Choosing Which Debts Require Immediate Attention

Essential Debts Verses Non-Essential Debts

The goal here is to determine which debts, if any, need to be addressed immediately and in what order of priority. You do this by making a full accounting of those debts that are essential to keeping you and your family fed, clothed and sheltered.

For example, you may be paying a $389.00 monthly car payment, plus another eighty-five dollar a month in car insurance. Depending on your current situation, you may not need a car, but the chances are you will in order travel to work or find a job.

If you have an old car that works and has no debt attached to it, use it, don’t sell it. You might have a relative or friend that will lend you a car they no longer use. It might make sense to get rid of the high payment in exchange for something much less expensive. Depending on where you live, public transportation might be a feasible alternative. You can use UBER/LIFT for short trips and rent a car for long ones. There are many possible options available to you.

Prioritizing Your Debts

Once you determine which debts you absolutely need  to keep (which may not include your $100.00 cable television subscription), the next step is to create a budget. Without knowing what is essential debt verses non-essential debt, you have no way of knowing how to prioritize payment of your debt, and it is precisely this uncertainty that will prevent you from making a realistic budget  and which will lead you into making uninformed financial decisions.

So gather all of your bills in one location. Get a pad, calculator and a bunch of sharp pencils. Take some deep breaths. You are about to make some very important decisions. Specifically, prioritizing your monthly debts and expenses based on which debts and expenses are absolutely necessary to survive the financial storm.

Your Home Mortgage

Pay your mortgage first. This includes property tax and insurance since the lender may hold you in default if these are not paid. The immediate goal is to keep a roof over your head while you are figuring out what your financial strategy will be. You can usually hold off paying a mortgage payment or two without being in immediate danger, but no more. Also, be sure to keep that amount in reserve should you decide to keep the home and need to make those mortgage payments or you decide to relocate to a less expensive rental, in which case you will need that money for relocation and future rental payments.

Letting your home fall into foreclosure may be the best alternative, but you will not know that until you see the complete picture, compare options and formulate your action plan. For example, if you do choose to give up your home through default, depending on your specific situation, you may be legally allowed to live in he home for many months before having to actually vacate. You do not want to vacate prematurely. Stay in the home until you legally must vacate. You will need the money you will be saving.

Your Rent

If you are renting and need to find a less expensive place to live, you will need to know about the legal consequences of terminating a month-to-month tenancy or moving in the middle of your lease.

Trouble Tips: Helpful information about self-relocation options as well as and moving and storage tips.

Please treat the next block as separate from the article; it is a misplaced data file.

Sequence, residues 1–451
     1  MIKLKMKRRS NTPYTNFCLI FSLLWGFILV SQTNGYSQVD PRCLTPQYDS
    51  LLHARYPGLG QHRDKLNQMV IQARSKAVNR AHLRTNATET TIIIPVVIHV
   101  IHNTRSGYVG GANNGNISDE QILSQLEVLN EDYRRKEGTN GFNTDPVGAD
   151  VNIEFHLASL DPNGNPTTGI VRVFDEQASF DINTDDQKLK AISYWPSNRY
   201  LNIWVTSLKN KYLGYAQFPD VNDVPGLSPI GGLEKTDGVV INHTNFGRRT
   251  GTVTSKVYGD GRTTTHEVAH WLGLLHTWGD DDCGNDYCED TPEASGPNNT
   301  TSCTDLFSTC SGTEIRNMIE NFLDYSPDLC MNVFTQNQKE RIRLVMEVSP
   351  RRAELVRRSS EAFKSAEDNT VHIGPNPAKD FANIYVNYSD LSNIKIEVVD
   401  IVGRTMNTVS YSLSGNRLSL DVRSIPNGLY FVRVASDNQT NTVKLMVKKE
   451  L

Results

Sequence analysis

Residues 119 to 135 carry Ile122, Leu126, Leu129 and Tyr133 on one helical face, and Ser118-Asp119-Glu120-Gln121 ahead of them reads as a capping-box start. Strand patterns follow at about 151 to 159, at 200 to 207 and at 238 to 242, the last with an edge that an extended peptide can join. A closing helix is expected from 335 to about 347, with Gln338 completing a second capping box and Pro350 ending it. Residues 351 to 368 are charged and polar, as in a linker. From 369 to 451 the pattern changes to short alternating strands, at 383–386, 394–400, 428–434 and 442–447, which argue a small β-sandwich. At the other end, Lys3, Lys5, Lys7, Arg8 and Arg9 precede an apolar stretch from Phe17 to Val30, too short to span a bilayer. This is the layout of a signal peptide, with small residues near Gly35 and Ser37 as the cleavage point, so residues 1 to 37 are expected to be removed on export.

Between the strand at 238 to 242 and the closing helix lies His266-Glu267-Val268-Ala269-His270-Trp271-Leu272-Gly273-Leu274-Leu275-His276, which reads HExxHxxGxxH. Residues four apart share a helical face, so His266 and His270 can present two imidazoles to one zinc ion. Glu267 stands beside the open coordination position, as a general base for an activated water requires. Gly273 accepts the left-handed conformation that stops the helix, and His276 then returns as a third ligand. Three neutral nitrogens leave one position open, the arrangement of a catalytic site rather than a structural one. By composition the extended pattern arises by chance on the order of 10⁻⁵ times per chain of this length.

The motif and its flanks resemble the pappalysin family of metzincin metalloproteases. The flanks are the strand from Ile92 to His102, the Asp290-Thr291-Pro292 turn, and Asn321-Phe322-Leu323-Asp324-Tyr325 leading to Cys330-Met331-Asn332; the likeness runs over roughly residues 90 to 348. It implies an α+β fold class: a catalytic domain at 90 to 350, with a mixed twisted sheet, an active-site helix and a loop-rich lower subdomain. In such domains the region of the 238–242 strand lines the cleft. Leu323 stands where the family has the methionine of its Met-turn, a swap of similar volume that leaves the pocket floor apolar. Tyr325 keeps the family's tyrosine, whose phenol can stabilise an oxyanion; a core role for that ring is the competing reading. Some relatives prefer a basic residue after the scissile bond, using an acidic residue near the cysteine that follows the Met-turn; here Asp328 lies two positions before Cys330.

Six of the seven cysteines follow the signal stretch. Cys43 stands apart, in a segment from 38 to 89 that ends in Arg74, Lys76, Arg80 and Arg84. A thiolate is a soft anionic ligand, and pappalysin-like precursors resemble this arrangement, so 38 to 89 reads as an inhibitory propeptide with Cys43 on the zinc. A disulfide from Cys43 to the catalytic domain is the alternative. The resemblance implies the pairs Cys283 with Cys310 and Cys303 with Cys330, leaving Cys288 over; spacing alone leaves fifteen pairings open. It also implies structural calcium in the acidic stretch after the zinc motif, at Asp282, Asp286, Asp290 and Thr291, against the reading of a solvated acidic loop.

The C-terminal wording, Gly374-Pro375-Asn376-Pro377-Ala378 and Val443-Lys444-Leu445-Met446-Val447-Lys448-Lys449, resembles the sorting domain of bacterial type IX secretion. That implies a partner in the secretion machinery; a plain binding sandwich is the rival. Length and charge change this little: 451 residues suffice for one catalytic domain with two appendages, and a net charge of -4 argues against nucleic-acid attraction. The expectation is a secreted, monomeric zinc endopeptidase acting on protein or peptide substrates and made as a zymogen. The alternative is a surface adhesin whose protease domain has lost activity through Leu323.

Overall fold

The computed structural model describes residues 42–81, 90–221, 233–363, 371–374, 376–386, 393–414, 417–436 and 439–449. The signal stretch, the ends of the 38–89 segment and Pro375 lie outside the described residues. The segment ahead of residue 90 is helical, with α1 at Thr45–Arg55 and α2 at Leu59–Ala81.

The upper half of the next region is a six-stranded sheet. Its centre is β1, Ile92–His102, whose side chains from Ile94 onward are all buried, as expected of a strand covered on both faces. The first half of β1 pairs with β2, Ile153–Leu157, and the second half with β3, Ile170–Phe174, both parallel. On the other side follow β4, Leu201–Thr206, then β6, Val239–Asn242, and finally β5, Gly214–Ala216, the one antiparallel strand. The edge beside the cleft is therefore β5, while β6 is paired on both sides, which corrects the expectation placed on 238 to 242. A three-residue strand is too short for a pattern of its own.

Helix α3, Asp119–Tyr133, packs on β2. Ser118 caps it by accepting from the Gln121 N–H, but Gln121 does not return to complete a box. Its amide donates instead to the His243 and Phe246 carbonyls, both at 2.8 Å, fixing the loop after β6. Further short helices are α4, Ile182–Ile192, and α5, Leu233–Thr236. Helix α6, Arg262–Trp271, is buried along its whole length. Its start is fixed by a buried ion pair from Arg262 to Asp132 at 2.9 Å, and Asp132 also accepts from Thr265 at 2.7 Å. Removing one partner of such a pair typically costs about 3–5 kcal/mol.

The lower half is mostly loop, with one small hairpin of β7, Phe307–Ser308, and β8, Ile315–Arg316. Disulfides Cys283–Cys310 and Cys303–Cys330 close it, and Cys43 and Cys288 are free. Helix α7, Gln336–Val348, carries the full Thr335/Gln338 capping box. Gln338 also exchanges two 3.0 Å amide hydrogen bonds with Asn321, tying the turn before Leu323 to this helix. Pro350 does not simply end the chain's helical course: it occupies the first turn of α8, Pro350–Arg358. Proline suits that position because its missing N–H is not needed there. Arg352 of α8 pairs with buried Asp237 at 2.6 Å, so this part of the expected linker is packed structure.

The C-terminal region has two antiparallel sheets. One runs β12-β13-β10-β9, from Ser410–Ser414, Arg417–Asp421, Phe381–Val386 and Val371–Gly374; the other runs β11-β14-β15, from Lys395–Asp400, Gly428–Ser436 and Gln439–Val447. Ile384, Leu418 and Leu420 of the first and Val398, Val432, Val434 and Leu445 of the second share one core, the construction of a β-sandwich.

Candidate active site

Utility Bills

Pay the minimum to maintain service and avoid disconnection. Many municipalities have programs you can apply for to receive utility bill discounts or even suspend your payment obligations for a certain time period. Call your utility provider to see if this is an available option for you. You can also look up the utility bill discount resources in your state.

Child Support

Failure to pay court ordered child support, can have serious civil and criminal consequences. This is one debt you really need to give special consideration to. If you cannot make the payment, try to work out a child support modification plan, with your former spouse.

Income Tax

You must pay income tax. If you are unable to pay your taxes you still need to file your tax returns. You must file no matter what. You can always make payment arrangements. In fact, if you filed and qualify under IRS rules, you may be able to request an extension, after the extension runs out, the IRS can give you up to four-months to pay what you owe in installment payments. Even the IRS knows you can’t get someone to pay what someone doesn’t have. Your state tax system is usually not so accommodating. For example, California is known to have a very aggressive collection policy. Find out what kinds of property the government can attach on unpaid taxes.


If you are paying on a money judgment that was lawfully filed and perfected, while technically, the judgment creditor can levy on your bank accounts, garnish wages, you should first determine if your state has enacted consumer protection laws that prevent creditors from financially collecting depending on your income and assets. If not, your creditor might have to cease and desist from making collection efforts based on the fact you are legally considered collection-proof – at least until you’re financial circumstances change.

Government Student Loans

Government student loans are not low-priority debts. In fact the law allows the government to have priority over other types of loans even in bankruptcy. This includes garnishing your tax refunds, preventing you from obtaining new student loans, and under certain circumstances they can even tap into your Social Security. Notwithstanding these extreme collection measures, government  lenders will give you an opportunity to defer payment or otherwise allow you to make affordable payments.

Learn About Secured Verses Unsecured Loans >>>

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